Indonesia is sharing a bed with terrorist sleeper cells

Lack of a clear policy to deal with terrorism at its root causes is giving extremist a sympathetic base in which to thrive
Indonesia is sharing a bed with terrorist sleeper cells

Indonesia anti-terror police take a part in a counter terrorism exercise at Benoa harbor in Denpasar on Bali in this March 8 file photo. (Photo Sonny Tumbelaka/AFP)

A riot at a police detention center in Depok, West Java, and attacks on churches and police headquarters in Surabaya clearly provide interrelated elements to better understand how terrorism has evolved in Indonesia.

Links between these tragedies and new terrorist tactics and targets, along with the future of counterterrorism, differing opinions and responses among political actors are clearly seen as critical problems.

Indonesians should understand this situation in which they are effectively sharing a bed with terrorist sleeper cells. 

Lack of awareness

Indonesia, judging by these new attacks, is being targeted as a potential battlefield by terrorists.

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This country, for almost the last two decades, has also been portrayed as a hotbed of terrorist activity.

Indonesia is encountering two problematic issues. First, terrorist activity is now more intensive and extensive. And second, Indonesia is weak on preventive strategies.

However, there is a more serious problem in Indonesia. There is a lack of awareness and solid agreement among political actors on looking upon terrorism as an extraordinary crime against humanity.

There are conflicting views among the ruling elite on how firm Indonesia's response to terrorism should be at a time when the country can least afford to bog itself down in such useless political debates.

Some politicians are still debating the simple matter of what defines terrorism. They just do not want to recognize and accept the core meaning of terrorism — the use of illegal force by non-state actors by executing massive violence via spreading fear, coercion, intimidation, and murder.

It is said that this political blindness and lack of awareness are major factors for the unpredictable nature of deadly attacks in Indonesia today.

It has also allowed the rise of terrorist sleeper cells to blend in and enjoy an easy atmosphere in which to plot their brutal attacks.


By and large many people look upon terrorism with a global perspective, that it is an expression of resistance to "global injustice." 

Although terrorism is affected by global and regional political influences, Indonesia should look more at an ideological and religious justification for the emergence of terrorism. It is argued that terrorism in Indonesia is a result of the country's political, social and cultural background.

Since 2012, Indonesia has been a major target of Islamic State (IS) propaganda. The group has progressively and continuously recruited new members there. 

Indonesia to IS and other terrorist networks is seen as a safe haven for them to hide and strengthen.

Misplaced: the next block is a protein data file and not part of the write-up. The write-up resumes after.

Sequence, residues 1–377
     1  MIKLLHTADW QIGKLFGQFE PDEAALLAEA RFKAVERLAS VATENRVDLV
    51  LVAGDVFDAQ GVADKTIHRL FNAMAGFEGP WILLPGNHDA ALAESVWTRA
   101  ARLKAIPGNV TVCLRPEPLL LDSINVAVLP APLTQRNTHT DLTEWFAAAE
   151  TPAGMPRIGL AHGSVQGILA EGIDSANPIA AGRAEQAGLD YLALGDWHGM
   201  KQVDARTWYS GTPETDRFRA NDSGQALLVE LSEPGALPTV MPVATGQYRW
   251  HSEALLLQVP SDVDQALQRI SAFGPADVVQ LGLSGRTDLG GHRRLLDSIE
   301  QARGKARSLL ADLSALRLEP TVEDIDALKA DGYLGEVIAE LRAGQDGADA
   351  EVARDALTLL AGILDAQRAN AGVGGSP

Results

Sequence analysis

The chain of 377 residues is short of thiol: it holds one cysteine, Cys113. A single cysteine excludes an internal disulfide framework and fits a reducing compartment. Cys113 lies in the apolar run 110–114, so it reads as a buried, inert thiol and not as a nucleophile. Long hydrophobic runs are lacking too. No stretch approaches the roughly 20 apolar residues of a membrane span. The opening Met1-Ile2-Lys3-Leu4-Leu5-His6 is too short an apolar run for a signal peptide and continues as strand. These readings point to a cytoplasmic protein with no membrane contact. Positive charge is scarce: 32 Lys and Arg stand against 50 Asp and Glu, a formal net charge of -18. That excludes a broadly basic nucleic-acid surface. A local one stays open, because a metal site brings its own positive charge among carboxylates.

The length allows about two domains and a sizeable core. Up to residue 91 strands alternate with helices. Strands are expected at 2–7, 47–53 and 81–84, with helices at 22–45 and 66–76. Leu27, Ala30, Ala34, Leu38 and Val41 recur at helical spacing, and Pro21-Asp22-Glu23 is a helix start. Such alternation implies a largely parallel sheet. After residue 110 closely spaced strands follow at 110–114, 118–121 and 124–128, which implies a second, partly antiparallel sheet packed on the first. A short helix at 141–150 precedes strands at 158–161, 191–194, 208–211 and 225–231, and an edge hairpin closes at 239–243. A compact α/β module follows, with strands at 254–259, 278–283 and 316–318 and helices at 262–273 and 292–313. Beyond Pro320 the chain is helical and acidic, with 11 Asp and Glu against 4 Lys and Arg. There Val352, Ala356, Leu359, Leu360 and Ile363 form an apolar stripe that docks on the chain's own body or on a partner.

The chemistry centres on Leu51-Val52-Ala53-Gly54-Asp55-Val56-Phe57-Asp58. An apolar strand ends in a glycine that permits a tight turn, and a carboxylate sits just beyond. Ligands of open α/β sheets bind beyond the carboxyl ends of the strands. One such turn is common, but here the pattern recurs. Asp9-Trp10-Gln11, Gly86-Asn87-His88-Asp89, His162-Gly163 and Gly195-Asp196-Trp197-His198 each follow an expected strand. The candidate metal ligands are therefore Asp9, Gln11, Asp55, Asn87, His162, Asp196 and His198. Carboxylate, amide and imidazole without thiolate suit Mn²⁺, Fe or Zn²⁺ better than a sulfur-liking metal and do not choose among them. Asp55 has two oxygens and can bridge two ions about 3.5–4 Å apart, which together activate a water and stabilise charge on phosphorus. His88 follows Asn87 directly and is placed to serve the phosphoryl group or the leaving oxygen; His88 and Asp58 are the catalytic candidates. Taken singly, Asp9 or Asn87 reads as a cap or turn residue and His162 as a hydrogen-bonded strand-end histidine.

Radicalism is a proven source of terrorism. Several surveys have found that 7 percent of Indonesian Muslims have a permissive way of thinking towards radical movements and ideology. This is a real challenge for Indonesian Muslims. It suggests that terrorist groups such as IS can infect them quite openly.

This is a big problem for counter-terrorism efforts in Indonesia.

Indonesia struggles in the war on terrorism when sympathizers warmly support so-called sleeper cells.

The willingness of communities to help them often results in ineffective, heavy-handed counterterrorism efforts that foster even more resentment.

At stake

With a series of new attacks and the fear of subsequent ones, Indonesians are now asking the question — how do we know if we are winning the war on terrorism?

Indonesia's whole counterterrorism strategy is at stake. This country should comprehensively evaluate state-based responses to terrorist attacks. 

Despite them appearing decisive on the surface with the new anti-terrorism law and the formation of a special anti-terrorist squad, they and other political steps have so far proved ineffective in preventing and predicting terrorist attacks.

Counter-terrorist policies which are only based on a narrow range of repressive methods and security measures, tend to produce serious negative side-effects. It serves to stoke the problem further rather than reduce it.

A more holistic approach by making use of an entire range of preventive measures may lighten the impact of hard solutions by relying more on the impact of a softer approach.

In this regard, Indonesia should flex its social and cultural muscle in building positive responses.

To limit the sleeper cell aspect of terrorism in Indonesia, it is important to initiate inclusive and constructive dialogues in society and build — hand in hand — good understanding and networking between socio-religious groups and state-actors.

The Indonesian government must offer more support to moderate Islamic groups and communities who can be effective actors in countering radicalism as well as act guarantors in the protection of human rights.

Father Max Regus is a priest from Catholic Diocese of Ruteng, Flores. He holds a Ph.D. degree in Social Sciences and Humanities from the University of Tilburg, the Netherlands. He is now working on a postdoctoral project entitled 'Religion and Peacebuilding in Asia: A Church-Based Investigation' and the project is supported by the Institute of Missiology Aachen, Germany.

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